Annual Edmund Fitzgerald Memorial Beacon Lighting Moves Online in 2020

For immediate release

Release dated: 
October 2, 2020
Media contacts: 

Jessica Kohen, 651-259-3148, or Julianna Olsen, 651-259-3140, 

Quick facts: 

What: Virtual Edmund Fitzgerald Memorial Beacon Lighting
Where: MNHS and Split Rock Lighthouse Facebook pages
Date: Tuesday, Nov. 10, 2020
Time: 4:30-7 p.m. CST (NOTE updated end time)
Media Access: KBJR 6 will provide a pool feed of the lit beacon for Minnesota TV stations via the “Minnesota Pool-01” feed on LiveUMatrix.

Annual Edmund Fitzgerald Memorial Beacon Lighting Moves Online in 2020

The event will be broadcast live on Facebook from Split Rock Lighthouse on Nov. 10, 2020.

The annual Edmund Fitzgerald Memorial Beacon Lighting commemorates the sinking of the freighter Edmund Fitzgerald and the loss of her 29 crew members on Nov. 10, 1975. It is also a time to reflect on the memory of all lives lost in Great Lakes shipwrecks.

Split Rock Lighthouse beacon

This year the ceremony will be held via social media platforms on Nov. 10, 2020, starting at 4:30 p.m. with the beacon lighting following the ceremony at around 4:45 p.m. The video stream of the beacon lighting will be provided by KBJR TV in Duluth and can be accessed live through the MNHS and Split Rock Lighthouse Facebook pages. It will also be available as a recording on Facebook and YouTube.

Split Rock Lighthouse's grounds will be closed. Visitors interested in viewing the beacon in person may do so from the shoreline in Split Rock Lighthouse State Park. A state park permit is required.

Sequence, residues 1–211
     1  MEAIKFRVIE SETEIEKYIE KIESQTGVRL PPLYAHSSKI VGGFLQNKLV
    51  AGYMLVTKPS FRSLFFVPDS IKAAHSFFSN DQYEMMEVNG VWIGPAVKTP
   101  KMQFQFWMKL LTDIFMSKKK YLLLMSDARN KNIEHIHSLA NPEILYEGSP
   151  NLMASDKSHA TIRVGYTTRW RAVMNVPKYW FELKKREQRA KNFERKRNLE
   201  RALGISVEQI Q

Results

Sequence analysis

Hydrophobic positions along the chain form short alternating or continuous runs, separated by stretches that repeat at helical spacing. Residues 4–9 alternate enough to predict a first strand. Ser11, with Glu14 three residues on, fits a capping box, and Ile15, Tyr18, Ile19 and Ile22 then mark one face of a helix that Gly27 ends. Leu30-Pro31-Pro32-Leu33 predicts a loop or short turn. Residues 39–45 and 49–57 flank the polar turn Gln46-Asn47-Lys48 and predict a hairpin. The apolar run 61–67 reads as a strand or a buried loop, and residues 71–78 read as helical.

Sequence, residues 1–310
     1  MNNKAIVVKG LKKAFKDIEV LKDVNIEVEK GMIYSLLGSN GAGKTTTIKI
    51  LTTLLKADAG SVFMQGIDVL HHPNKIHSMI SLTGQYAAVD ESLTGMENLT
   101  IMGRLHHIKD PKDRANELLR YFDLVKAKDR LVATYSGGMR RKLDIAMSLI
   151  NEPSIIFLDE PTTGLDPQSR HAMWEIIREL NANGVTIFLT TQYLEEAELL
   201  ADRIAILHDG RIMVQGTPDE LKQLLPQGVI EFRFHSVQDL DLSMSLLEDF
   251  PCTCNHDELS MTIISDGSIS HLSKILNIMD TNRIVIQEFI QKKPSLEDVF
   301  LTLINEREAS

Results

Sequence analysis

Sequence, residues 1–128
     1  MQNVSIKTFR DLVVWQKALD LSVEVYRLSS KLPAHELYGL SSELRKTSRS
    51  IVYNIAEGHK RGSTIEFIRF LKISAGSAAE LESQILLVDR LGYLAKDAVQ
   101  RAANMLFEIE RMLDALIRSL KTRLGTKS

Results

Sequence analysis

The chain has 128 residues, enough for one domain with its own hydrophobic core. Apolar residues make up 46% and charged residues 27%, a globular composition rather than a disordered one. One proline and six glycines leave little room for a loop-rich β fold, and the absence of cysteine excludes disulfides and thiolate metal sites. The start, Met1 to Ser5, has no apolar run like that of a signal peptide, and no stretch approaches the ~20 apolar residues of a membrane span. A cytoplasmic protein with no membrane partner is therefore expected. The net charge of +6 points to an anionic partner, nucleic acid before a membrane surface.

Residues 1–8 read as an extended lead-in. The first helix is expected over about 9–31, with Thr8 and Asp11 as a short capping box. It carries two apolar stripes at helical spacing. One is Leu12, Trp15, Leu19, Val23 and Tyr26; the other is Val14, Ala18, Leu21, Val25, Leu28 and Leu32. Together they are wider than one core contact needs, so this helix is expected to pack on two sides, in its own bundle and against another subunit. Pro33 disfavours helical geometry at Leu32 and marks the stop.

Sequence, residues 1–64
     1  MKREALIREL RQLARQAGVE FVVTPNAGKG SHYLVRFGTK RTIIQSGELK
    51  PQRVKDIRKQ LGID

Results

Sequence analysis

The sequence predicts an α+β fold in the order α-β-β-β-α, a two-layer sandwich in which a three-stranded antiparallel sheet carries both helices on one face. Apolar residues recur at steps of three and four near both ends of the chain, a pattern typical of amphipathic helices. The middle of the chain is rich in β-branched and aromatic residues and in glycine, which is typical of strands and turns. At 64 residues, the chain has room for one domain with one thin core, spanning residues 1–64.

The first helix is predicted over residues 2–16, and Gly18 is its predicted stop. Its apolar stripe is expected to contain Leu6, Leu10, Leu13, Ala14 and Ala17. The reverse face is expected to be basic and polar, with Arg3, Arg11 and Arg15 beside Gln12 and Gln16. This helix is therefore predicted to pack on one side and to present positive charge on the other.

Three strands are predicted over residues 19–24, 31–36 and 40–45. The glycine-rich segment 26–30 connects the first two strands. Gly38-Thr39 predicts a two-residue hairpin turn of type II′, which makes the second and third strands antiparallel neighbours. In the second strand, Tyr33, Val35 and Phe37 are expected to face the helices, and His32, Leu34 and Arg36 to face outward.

Split Rock Lighthouse is open 7 days a week, 10 a.m. to 6 p.m., through October 31, 2020. Interior spaces including the lighthouse and keeper’s residence are closed with access available to the grounds for spectacular views and limited access to the fog signal building and the visitor center. Guests can purchase a timed entry ticket for $8 online or onsite. For more information visit

Edmund Fitzgerald Background
The loss of the Edmund Fitzgerald and her crew members in 1975 shook the country. No freighter had been lost on Lake Superior since 1953, and the Fitzgerald was outfitted with an experienced crew and state-of-the-art technology. When it was launched in 1958 it was the largest ship on North America's Great Lakes.

The Fitzgerald began her final voyage on Nov. 9, 1975, with a cargo of taconite she was transporting from Superior, Wisconsin, to Great Lakes Steel near Detroit. 

Due to a developing winter storm, the captains of the Fitzgerald and a nearby ship, the Arthur M. Anderson, stayed in close radio contact as they traveled, agreeing to take a more protected northerly route across Lake Superior. 

By the afternoon of Nov. 10, winds had reached near hurricane strength. At 3:30 p.m. Captain Ernest McSorley reported that the ship had suffered damage to a fence rail and lost its radar. He asked the Anderson to guide them to Whitefish Bay, Michigan. At 7:10 p.m., McSorley radioed that “We are holding our own.” Five minutes later, the ship disappeared off the Anderson’s radar. 

The Edmund Fitzgerald was found a few days later in two pieces beneath 530 feet of water about 17 miles from the entrance to Whitefish Bay. Though the ship went down in the storm, the details of why it sank are still largely debated today.

Explore more about this and other Great Lakes shipwrecks on the Split Rock Lighthouse website

About Split Rock Lighthouse
Split Rock Lighthouse, a National Historic Landmark, is the place to discover Minnesota’s role in Great Lakes shipping and life on the North Shore. The site is located in Split Rock Lighthouse State Park on U.S. Highway 61, 20 miles northeast of Two Harbors. For more information, visit

The Minnesota Historical Society is a nonprofit educational and cultural institution established in 1849. MNHS collects, preserves and tells the story of Minnesota’s past through museum exhibits, libraries and collections, historic sites, educational programs and publishing. Using the power of history to transform lives, MNHS preserves our past, shares our state’s stories and connects people with history. Visit us at